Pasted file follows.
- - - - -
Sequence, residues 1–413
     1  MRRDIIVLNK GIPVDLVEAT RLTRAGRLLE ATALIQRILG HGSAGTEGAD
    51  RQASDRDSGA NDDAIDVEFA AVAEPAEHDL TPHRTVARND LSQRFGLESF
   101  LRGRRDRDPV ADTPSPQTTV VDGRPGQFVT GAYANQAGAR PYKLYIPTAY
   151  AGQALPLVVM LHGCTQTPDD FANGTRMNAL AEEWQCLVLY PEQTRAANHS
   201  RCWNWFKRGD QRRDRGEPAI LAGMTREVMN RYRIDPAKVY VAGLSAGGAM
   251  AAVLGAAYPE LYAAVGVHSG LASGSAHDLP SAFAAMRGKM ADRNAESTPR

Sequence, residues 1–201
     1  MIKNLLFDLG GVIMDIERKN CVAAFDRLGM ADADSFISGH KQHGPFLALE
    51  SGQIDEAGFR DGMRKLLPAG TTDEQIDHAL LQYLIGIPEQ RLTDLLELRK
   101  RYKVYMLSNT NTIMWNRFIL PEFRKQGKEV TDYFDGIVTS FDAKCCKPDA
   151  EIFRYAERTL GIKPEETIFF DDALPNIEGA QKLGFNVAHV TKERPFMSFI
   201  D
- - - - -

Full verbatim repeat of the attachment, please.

Sequence, residues 1–413
     1  MRRDIIVLNK GIPVDLVEAT RLTRAGRLLE ATALIQRILG HGSAGTEGAD
    51  RQASDRDSGA NDDAIDVEFA AVAEPAEHDL TPHRTVARND LSQRFGLESF
   101  LRGRRDRDPV ADTPSPQTTV VDGRPGQFVT GAYANQAGAR PYKLYIPTAY
   151  AGQALPLVVM LHGCTQTPDD FANGTRMNAL AEEWQCLVLY PEQTRAANHS
   201  RCWNWFKRGD QRRDRGEPAI LAGMTREVMN RYRIDPAKVY VAGLSAGGAM
   251  AAVLGAAYPE LYAAVGVHSG LASGSAHDLP SAFAAMRGKM ADRNAESTPR

Sequence, residues 1–201
     1  MIKNLLFDLG GVIMDIERKN CVAAFDRLGM ADADSFISGH KQHGPFLALE
    51  SGQIDEAGFR DGMRKLLPAG TTDEQIDHAL LQYLIGIPEQ RLTDLLELRK
   101  RYKVYMLSNT NTIMWNRFIL PEFRKQGKEV TDYFDGIVTS FDAKCCKPDA
   151  EIFRYAERTL GIKPEETIFF DDALPNIEGA QKLGFNVAHV TKERPFMSFI
   201  D